Most people know that Medicare provides health insurance for those that are at least age 65 and/or those that have a qualifying disability. The program is administered by the Centers for Medicare & Medicaid Services (CMS), which is part of the Department of Health and Human Services (HHS). Navigating through the employer requirements and the limits of employer involvement is a bit trickier.
Understanding The Basics
Medicare is comprised of several parts. Part A is the hospital insurance program, that covers hospital care, nursing home care, hospice, and home health services. The supplemental insurance program that covers physician services and other health care expenses makes up Part B. Part C is the “Medicare Advantage” program that offers private company contracts to provide supplemental Part A and Part B benefits. Finally, Part D relates to the prescription drug benefits.
The two primary obligations for an employer to worry about regarding Medicare are the requirement to provide the Medicare Part D disclosure notice of ‘creditability’ (or ‘non-creditability’) and ongoing compliance with the Medicare Secondary Payer (MSP) Requirements.
Medicare Part D Disclosure Notice of Creditability
All group health plans that include a prescription drug benefit within the overall benefit offering, including those offered pursuant to the fringe benefit requirements of the McNamara-O’Hara Service Contract Act (SCA) and the Davis-Bacon Act (DBA), must provide a Medicare Part D creditable coverage disclosure to CMS and also to all Part-D eligible individuals that are enrolled in or seeking to enroll into the prescription drug coverage.
As mentioned above, Medicare Part D coverage is the voluntary prescription drug benefit program. The Part D notification requirement is to provide information as to whether the coverage is considered ‘creditable’. For a prescription drug benefit to be ‘creditable’, the employer-provided offering must cover at least as much as the standard coverage available through the Medicare prescription drug program. This ‘creditability’ notice must be provided to eligible plan participants at specific times, including on an annual basis prior to October 15th every year (prior to the annual election period for the Part D program).
Please note that even though the notice requirement is intended only for Medicare Part D eligible employees, many employers find it easier to provide the notice to all employees rather than having to identify those that are Part D eligible.
Rules for Medicare Secondary Payer
Medicare Secondary Payer (MSP) provisions generally require that Medicare be the secondary payer to certain types of insurance or health plans, including group health plans offered through an employer with at least 20 total employees. To further ensure that Medicare acts as secondary payer, the MSP Rules prohibit an employer from ‘taking into account’ the Medicare entitlement of a current active employee or a spouse/dependent when offering employee benefits.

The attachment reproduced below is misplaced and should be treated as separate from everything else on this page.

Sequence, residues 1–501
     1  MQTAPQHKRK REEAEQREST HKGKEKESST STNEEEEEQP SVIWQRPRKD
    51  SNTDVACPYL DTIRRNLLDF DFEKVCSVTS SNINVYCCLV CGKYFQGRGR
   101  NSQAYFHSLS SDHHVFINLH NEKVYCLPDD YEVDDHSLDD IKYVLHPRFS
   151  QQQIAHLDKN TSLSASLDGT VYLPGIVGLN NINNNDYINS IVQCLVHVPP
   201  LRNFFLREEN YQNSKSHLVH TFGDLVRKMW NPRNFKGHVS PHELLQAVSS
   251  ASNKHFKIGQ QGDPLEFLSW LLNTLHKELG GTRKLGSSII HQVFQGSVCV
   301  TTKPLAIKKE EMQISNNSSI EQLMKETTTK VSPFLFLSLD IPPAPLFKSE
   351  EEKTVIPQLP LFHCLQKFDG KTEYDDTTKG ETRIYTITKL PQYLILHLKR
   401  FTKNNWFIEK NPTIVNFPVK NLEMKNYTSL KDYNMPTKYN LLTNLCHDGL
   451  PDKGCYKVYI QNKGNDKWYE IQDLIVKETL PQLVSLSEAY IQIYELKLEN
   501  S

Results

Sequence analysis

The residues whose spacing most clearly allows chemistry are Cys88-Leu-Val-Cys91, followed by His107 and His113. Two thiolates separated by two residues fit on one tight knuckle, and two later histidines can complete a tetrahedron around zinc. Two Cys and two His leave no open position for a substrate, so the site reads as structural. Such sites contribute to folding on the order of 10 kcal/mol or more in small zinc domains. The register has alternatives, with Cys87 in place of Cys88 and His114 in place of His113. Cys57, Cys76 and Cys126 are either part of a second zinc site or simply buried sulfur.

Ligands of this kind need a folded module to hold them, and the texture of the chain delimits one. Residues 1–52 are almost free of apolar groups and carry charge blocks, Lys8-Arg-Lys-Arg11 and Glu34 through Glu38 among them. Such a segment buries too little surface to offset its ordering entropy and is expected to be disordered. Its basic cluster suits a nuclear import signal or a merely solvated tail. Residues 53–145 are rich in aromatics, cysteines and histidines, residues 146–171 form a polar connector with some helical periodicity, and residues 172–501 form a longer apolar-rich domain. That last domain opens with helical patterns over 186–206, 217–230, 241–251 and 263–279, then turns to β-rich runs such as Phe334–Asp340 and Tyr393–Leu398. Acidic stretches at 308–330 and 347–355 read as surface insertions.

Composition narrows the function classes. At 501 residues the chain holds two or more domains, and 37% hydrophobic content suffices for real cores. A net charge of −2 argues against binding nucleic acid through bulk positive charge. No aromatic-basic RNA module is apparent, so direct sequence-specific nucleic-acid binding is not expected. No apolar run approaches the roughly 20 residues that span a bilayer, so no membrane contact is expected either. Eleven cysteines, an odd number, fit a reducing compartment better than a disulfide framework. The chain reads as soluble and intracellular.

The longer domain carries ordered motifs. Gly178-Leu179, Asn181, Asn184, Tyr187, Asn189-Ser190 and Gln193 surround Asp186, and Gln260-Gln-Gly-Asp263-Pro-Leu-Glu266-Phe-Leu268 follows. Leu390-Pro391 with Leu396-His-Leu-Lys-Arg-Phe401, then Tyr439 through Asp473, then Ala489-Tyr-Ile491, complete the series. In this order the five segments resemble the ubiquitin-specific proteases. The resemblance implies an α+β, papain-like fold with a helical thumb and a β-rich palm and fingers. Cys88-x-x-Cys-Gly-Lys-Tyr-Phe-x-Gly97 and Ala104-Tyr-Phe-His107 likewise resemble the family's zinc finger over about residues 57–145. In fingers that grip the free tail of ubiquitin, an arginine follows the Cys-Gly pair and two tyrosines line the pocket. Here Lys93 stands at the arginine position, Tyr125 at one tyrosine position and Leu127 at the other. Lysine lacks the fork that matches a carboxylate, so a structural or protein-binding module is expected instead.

‘Taking into account’ means that an employer cannot treat eligible participants differently from other active employees and must offer the same benefits under the same conditions as those that are under and those that are over age 65.
Some examples of prohibited acts include, but are not limited to, a plan being administered not to pay primary to Medicare coverage when an individual is covered by both Medicare and an employer group health plan; a plan terminating coverage to participants as they become eligible; or, a plan sponsor offering a ‘financial or other incentive’ not to enroll (or terminate enrollment) under the employer sponsored group health plan that would otherwise be primary.
Bottom line is that an employer cannot take steps to encourage Medicare-eligible active employees to waive coverage or dis-enroll in coverage under the employer group health plan so that Medicare would subsequently be the primary payer. The MSP rules do not apply to former employees and their family members.
CMS provides specific guidance regarding the MSP rules for employers subject to the SCA and DBA. Specifically, the guidance clarifies that the MSP Rules prohibit employers from encouraging or offering incentives to individuals who are eligible for, or already enrolled in, Medicare to elect enrollment instead of enrolling in the employer group health plan.
Breaking Down the Benefit
For example, by allowing an employee to opt out of the group health plan and receive the fringe benefit funds in the employee’s 401(k) account instead, the employer is, in effect, offering an incentive to not enroll in the employer’s group health plan. The employee would be receiving a benefit as a result of declining the group health plan coverage that would otherwise be primary to Medicare. Therefore, employees in current active employee status who are also beneficiaries may NOT decline participation in the employer’s group health plan that would otherwise be primary to Medicare. This is so that the fringe benefit funds can be applied to other benefits, unless such employees have other group health coverage that would be primary to Medicare. A group coverage through a working spouse, for example. CMS deems this to be, in effect, offering an incentive to not enroll in the employer’s group health plan. An additional incentive for compliance under the MSP rules for employers subject to the SCA and DBA, is that CMS has the ability to withhold contract payments through Treasury for claims that Medicare paid as primary, when there was other coverage that should have been primary.
To learn more, read the MSP Guidance for Interaction with SCA and DBA.
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